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Economic Productivity by Age and Sex

2007 Estimates for the United States

Grosse, Scott D., PhD*; Krueger, Kurt V., PhD; Mvundura, Mercy, PhD

doi: 10.1097/MLR.0b013e31819c9571
Conducting the Cost Analysis
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Background: Human capital estimates of labor productivity are often used to estimate the economic impact of diseases and injuries that cause incapacitation or death.

Objectives: Estimates of average hourly, annual, and lifetime economic productivity, both market and household, were calculated in 2007 US dollars for 5-year age groups for men, women, and both sexes in the United States.

Research Design: Data from the American Time Use Survey were used to estimate hours of paid work and household services and hourly and annual earnings and household productivity. Present values of discounted lifetime earnings were calculated for each age group using the 2004 US life tables and a discount rate of 3% per year and assuming future productivity growth of 1% per year.

Subjects: The estimates of hours and productivity were calculated using the time diaries of 72,922 persons included in the American Time Use Survey for the years 2003 to 2007.

Results: The present value of lifetime productivity is approximately $1.2 million in 2007 dollars for children under 5 years of age. For adults in their 20s and 30s, it is approximately $1.6 million and then it declines with increasing age. Productivity estimates are higher for males than for females, more for market productivity than for total productivity.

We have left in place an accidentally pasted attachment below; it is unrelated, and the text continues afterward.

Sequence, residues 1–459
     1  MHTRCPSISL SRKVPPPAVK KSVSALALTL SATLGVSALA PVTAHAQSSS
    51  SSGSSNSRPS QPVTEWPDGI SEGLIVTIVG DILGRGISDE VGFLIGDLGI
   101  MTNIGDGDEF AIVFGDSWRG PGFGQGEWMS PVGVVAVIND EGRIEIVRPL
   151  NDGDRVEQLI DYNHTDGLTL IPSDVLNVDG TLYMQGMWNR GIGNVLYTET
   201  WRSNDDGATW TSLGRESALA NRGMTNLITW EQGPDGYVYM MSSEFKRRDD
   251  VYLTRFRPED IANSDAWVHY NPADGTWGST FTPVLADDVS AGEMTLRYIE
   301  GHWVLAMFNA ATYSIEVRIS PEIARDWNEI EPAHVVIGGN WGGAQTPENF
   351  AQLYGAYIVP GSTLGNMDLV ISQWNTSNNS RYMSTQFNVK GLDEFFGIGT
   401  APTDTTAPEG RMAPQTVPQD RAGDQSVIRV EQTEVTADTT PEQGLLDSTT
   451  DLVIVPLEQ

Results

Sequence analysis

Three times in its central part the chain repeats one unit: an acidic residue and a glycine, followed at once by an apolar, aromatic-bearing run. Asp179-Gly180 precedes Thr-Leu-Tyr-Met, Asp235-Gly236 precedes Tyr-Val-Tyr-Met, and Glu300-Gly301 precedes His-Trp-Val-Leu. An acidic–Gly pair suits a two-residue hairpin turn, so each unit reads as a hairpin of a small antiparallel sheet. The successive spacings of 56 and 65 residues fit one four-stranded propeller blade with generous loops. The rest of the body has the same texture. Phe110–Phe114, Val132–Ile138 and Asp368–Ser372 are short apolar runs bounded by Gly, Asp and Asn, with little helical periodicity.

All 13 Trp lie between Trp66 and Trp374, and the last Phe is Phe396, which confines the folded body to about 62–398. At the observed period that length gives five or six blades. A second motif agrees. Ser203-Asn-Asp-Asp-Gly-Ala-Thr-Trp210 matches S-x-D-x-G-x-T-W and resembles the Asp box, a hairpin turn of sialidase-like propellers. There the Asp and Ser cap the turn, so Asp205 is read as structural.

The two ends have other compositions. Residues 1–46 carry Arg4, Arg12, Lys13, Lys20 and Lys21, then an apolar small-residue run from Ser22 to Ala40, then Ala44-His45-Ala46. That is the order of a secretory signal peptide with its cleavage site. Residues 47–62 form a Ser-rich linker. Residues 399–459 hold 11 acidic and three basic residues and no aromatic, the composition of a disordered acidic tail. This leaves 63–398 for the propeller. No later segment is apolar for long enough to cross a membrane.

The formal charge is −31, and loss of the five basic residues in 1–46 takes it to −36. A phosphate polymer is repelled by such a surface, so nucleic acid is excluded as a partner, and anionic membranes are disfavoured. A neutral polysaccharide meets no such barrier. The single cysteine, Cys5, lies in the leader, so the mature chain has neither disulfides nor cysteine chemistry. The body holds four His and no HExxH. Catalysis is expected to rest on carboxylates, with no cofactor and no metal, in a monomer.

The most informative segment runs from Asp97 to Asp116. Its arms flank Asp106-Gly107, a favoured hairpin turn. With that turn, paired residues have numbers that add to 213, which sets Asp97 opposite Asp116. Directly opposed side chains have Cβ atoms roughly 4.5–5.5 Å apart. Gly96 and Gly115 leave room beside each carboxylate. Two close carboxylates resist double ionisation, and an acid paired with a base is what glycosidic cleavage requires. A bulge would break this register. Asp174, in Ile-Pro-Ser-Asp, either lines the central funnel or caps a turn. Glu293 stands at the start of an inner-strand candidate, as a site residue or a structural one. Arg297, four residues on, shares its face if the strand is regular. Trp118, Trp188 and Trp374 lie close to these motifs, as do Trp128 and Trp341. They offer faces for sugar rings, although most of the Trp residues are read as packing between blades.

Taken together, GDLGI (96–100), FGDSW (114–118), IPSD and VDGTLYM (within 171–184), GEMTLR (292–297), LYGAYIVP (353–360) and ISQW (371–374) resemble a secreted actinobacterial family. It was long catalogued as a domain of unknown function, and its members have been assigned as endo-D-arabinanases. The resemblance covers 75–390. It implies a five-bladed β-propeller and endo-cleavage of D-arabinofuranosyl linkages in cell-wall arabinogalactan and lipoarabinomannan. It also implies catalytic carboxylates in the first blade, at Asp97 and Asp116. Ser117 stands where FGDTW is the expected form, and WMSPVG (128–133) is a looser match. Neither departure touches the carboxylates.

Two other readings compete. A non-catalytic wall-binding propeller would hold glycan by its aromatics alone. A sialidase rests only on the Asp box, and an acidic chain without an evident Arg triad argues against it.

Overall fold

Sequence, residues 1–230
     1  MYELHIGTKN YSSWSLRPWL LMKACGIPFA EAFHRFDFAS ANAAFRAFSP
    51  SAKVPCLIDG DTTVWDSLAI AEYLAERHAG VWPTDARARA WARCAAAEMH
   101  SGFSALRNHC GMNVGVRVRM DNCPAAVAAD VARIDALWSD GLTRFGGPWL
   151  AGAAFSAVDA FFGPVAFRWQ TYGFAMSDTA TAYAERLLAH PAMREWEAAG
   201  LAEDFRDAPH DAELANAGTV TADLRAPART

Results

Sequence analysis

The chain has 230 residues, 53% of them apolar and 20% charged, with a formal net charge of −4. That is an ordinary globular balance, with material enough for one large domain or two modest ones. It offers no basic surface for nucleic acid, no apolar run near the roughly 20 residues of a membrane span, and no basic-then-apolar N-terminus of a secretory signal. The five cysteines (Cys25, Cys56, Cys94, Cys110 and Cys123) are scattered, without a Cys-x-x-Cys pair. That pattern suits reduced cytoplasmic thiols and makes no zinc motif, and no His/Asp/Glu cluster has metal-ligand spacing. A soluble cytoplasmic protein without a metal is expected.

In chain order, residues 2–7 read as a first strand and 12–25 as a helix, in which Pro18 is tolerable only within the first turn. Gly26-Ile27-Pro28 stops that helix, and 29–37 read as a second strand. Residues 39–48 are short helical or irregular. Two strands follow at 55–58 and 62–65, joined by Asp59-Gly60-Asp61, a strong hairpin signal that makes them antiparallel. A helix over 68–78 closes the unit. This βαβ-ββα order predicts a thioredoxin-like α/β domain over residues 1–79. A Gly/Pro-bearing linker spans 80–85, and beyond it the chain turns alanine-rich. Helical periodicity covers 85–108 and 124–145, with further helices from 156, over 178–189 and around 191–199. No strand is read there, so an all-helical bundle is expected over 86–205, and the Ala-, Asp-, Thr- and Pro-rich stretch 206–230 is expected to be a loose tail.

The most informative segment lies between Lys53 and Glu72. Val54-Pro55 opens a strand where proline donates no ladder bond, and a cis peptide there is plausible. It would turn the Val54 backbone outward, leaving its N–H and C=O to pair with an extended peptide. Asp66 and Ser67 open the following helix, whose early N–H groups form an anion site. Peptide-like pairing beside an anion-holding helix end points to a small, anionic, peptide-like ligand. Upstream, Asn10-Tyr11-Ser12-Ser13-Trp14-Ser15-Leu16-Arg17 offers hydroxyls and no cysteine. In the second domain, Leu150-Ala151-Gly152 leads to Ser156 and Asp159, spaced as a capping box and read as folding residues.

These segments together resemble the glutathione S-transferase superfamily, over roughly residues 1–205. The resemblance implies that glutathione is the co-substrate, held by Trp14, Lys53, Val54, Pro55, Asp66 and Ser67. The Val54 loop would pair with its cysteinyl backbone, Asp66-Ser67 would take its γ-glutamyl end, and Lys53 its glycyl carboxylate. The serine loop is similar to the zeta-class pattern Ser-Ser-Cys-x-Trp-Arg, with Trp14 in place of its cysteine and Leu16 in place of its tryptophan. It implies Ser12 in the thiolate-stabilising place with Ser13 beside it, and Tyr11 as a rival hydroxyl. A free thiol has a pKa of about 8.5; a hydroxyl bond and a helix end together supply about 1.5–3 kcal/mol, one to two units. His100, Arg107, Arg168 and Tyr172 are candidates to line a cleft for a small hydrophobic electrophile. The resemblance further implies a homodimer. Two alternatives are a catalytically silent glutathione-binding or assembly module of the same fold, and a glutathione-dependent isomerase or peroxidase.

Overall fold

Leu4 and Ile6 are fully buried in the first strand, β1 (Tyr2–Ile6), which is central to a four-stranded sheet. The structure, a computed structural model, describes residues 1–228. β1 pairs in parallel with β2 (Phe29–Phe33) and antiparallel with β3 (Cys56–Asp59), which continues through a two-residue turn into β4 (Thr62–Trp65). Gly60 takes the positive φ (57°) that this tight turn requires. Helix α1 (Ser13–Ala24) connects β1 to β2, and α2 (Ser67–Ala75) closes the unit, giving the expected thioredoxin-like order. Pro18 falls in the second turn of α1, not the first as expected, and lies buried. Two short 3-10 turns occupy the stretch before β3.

Conclusions: Changes in hours of paid employment and household services can affect economic productivity by age and sex. This is the first publication to include estimates of household services based on contemporary time use data for the US population.

From the *National Center on Birth Defects and Developmental Disabilities, Centers for Disease Control and Prevention, Atlanta, Georgia; and †John Ward Economics, Prairie Village, Kansas; and ‡Office of Public Health Genomics and Office of Workforce and Career Development, Centers for Disease Control and Prevention, Atlanta, Georgia.

The findings and conclusions in this report are those of the authors and do not necessarily represent the official position of the Centers for Disease Control and Prevention.

Reprints: Scott Grosse, PhD, 1600 Clifton Rd. NE, Mail Stop E-88, Atlanta, GA 30333. E-mail: sgrosse@cdc.gov.

Copyright © 2009 Wolters Kluwer Health, Inc. All rights reserved.